Cairncross is wrong to believe that when faced with the deaths of their own people western governments "find themselves under pressure to take action". Governments and their regulatory agencies do not take action because, argues US scientist Peter Montague, they are searching for the holy grail of scientific certainty. Her ignorance of these facts is perhaps forgiveable but her lack of understanding about why some countries are rich and others are poor is not.
A proper critique of her book would involve a line-by-line analysis but perhaps she could check some of her mistaken facts and assumptions herself by perusing the Worldwatch Institute's books Vital Signs and State of the World, particularly the sections which deal with land use, cash crops, grain and meat production, fast food consumption and third-world debt.
She might then ask herself a few questions, such as why so much grain is fed to livestock (665 million tonnes or 38 per cent of total grain use in 1994). She might even refer to J. Janick's 1969 book on plant science, in which the author noted that 50 per cent of total production of plant products was grown for animal feed and then ask McDonalds and all the other fast food merchants some economically orientated questions about land use, grain and cattle production.
Her recommendations to governments are laudable but any government wanting a check list would do better to consult David Wallace's appraisal of environmental policy and industrial innovation in Denmark, Holland, Germany, France, Japan and the US. This book highlights the simple fact that only a global strategy based on cooperation between nations rather than competition between their industries will begin to solve our environmental, if not our social, problems.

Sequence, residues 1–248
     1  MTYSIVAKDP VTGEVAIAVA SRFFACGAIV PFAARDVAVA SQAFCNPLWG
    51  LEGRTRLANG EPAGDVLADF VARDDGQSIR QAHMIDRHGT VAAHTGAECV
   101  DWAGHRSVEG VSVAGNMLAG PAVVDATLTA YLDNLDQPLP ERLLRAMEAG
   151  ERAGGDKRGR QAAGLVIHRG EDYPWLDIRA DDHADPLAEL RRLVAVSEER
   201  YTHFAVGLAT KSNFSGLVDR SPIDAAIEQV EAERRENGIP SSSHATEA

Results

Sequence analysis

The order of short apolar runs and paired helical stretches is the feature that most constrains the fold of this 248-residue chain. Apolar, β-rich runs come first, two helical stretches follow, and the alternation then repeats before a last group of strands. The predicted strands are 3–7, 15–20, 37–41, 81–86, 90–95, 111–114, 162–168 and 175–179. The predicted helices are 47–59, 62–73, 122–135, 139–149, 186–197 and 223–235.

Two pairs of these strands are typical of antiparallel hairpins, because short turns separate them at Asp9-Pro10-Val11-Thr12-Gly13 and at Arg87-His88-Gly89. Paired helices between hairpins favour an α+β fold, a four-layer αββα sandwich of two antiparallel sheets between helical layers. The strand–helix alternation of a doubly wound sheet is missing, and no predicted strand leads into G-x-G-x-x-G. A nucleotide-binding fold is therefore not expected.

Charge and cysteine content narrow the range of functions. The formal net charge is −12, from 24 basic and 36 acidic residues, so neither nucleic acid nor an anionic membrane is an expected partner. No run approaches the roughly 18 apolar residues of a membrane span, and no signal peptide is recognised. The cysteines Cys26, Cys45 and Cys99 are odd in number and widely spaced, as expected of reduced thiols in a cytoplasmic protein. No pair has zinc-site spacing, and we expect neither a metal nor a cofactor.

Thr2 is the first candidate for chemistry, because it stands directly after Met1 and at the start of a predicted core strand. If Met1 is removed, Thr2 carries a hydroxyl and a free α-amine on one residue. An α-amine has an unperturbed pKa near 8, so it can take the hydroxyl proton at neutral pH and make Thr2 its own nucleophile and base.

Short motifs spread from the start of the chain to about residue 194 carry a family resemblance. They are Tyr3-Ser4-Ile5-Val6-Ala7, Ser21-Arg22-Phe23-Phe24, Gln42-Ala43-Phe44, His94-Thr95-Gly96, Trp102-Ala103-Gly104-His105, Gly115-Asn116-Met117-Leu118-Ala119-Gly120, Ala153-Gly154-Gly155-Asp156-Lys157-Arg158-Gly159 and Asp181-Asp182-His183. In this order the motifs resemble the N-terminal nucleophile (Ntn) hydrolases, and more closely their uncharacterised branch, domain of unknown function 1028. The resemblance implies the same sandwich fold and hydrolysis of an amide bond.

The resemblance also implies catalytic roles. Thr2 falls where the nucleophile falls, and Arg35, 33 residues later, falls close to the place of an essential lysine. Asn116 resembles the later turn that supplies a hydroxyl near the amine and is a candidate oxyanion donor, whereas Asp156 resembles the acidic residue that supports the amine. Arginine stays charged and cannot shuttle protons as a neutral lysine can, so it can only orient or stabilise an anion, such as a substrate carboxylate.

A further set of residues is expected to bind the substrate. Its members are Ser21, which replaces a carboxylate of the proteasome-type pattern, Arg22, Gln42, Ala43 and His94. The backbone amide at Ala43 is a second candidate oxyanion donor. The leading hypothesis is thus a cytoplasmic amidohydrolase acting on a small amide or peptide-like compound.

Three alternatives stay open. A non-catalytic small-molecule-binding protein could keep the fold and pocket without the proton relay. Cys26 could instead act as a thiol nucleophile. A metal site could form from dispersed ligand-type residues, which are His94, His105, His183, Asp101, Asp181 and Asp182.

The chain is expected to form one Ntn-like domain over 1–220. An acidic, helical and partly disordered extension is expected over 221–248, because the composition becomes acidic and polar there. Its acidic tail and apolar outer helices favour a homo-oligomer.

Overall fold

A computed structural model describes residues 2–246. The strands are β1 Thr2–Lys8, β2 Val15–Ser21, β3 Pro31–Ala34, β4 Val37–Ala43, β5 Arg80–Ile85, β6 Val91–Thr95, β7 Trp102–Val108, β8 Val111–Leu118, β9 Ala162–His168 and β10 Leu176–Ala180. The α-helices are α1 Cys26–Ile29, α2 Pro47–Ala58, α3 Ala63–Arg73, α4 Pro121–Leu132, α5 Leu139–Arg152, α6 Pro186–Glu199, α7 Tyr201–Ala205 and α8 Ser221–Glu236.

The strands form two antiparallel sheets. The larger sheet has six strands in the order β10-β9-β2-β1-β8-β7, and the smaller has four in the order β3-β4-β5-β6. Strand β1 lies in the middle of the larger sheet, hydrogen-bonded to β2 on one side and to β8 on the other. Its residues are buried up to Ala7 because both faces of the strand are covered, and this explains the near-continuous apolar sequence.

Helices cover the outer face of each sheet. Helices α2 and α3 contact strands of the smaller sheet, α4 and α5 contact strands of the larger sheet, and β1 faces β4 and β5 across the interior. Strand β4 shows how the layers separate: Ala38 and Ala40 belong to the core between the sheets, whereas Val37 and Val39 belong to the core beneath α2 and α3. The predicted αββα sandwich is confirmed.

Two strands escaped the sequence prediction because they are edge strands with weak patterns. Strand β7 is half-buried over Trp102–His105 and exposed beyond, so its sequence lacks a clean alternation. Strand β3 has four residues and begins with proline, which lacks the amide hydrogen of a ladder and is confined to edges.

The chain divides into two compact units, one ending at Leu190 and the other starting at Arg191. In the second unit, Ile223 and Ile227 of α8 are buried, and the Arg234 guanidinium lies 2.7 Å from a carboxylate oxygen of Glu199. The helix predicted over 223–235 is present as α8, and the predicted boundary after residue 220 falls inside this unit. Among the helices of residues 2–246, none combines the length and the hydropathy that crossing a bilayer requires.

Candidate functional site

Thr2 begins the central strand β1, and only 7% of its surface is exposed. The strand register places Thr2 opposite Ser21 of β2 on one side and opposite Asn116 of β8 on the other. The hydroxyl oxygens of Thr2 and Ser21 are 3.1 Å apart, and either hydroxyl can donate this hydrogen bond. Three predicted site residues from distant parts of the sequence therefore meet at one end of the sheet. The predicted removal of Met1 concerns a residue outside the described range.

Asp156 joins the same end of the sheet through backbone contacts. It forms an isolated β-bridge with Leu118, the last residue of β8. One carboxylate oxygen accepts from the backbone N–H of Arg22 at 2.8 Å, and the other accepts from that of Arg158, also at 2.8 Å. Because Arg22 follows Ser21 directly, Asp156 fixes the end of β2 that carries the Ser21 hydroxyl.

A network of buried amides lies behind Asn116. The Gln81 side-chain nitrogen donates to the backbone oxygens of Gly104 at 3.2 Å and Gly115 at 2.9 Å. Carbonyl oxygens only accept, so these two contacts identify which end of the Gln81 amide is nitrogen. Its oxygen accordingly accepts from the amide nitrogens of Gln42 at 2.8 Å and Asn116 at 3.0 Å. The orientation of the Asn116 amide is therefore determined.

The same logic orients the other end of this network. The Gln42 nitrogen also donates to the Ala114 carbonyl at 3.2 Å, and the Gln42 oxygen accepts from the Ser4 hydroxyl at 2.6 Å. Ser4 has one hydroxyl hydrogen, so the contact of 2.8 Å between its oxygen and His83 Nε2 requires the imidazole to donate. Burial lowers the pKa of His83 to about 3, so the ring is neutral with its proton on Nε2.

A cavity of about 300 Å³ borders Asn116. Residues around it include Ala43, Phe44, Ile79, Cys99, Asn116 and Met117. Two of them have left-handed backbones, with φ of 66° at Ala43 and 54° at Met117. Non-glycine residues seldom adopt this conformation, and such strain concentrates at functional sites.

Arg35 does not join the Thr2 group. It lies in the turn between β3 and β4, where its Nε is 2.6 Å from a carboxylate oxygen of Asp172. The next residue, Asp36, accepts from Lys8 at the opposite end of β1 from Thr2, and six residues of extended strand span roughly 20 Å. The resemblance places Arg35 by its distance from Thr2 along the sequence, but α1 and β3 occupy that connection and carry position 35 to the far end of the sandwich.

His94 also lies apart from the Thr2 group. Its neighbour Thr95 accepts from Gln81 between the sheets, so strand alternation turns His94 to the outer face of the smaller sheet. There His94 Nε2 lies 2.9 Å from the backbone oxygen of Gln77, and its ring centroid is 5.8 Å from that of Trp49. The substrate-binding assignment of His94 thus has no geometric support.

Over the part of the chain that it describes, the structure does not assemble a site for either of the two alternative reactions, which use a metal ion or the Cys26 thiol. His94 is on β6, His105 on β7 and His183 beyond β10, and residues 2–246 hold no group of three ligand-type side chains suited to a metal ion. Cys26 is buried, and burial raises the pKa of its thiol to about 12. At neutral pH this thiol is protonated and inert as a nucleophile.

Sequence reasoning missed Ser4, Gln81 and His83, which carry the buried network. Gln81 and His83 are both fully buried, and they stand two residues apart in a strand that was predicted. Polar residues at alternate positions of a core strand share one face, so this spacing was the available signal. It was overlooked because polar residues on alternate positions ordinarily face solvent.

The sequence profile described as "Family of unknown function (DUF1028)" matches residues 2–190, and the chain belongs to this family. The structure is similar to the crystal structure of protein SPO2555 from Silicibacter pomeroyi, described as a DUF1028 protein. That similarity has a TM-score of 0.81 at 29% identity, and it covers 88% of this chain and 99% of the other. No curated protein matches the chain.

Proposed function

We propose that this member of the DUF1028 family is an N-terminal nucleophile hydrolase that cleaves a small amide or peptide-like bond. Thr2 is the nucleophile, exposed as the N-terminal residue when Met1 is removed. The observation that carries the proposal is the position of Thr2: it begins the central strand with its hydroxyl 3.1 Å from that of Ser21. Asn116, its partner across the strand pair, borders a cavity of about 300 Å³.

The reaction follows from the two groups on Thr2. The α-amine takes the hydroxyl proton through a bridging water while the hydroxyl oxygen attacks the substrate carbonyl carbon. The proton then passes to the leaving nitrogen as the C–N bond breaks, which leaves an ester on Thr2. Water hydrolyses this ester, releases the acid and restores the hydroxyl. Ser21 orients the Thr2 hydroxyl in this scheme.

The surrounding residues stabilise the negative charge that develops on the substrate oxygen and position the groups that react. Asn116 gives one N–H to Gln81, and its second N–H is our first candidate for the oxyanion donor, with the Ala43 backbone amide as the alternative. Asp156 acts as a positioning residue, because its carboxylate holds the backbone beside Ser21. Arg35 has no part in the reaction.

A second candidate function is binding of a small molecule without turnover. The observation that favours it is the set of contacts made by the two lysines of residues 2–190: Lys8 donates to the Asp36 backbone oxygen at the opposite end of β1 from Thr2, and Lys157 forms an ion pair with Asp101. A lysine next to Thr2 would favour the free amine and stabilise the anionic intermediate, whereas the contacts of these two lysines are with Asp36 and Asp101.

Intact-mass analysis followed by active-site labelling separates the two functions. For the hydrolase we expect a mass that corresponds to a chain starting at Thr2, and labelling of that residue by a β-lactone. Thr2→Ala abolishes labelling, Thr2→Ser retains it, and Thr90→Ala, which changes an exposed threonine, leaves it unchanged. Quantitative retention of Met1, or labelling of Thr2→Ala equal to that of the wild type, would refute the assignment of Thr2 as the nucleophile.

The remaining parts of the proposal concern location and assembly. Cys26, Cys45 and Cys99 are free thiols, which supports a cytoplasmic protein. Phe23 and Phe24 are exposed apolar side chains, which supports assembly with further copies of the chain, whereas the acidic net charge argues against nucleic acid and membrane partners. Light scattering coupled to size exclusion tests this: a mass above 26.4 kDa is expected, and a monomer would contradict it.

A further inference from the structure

It could be argued that Cairncross and North have attempted to present in their books a holistic world view but their arguments are not only flawed, they are misleading and should not be taken seriously. Sadly much damage has already been done. North's book and his world view received considerable coverage in the mainstream media and while Cairncross's has taken a bit of a hammering the fact that they are working journalists with some influence should be of concern.
It is a pity those papers and magazines which featured North's work did not take a look at what Eric Utne has to say in his essay in the Capra and Pauli book. "Right now," he writes, "the interests of the media and of business are very short-sighted, based as they are on concentrating power, ownership and the messages communicated in very few people's hands. Their goals of economic growth, efficiency, and expansion put them in direct conflict with ecological balance and sustainability, which are mandatory for the health of all human and nonhuman communities. Unless the mass media begin to serve the interests of communities (where the vast majority of us live), rather than the interests of a few private individuals and corporations, people will eventually reject them - as they are doing by creating their own community access television programmes, desk-top publications, on-line computer conferences, and the like."
Utne goes on to confirm what anyone reading Cairncross and North might conclude, that "the press has mostly become a mouthpiece for prevailing corporate and political values" and that the "media's commitment to social justice has all but disappeared".
What is significant is that Capra and Pauli are prepared to give people like Utne a global platform and that the United Nations University Press is willing to publish such a radical and thought-provoking book. The same can be said about Cassell, a mainstream publisher which has just launched its "global issues" list featuring people like Bookchin and Peter Marshall.
Robert Allen is a visiting lecturer in environmental resources and science, University of Salford. He is compiling a pollution and health database for the Social Ecology Research Unit.
Steering Business Toward Sustainability
Editor - Fritjof Capra and Gunter Pauli
ISBN - 92 808 0909 1
Publisher - United Nations University Press
Price - $22.00
Pages - 191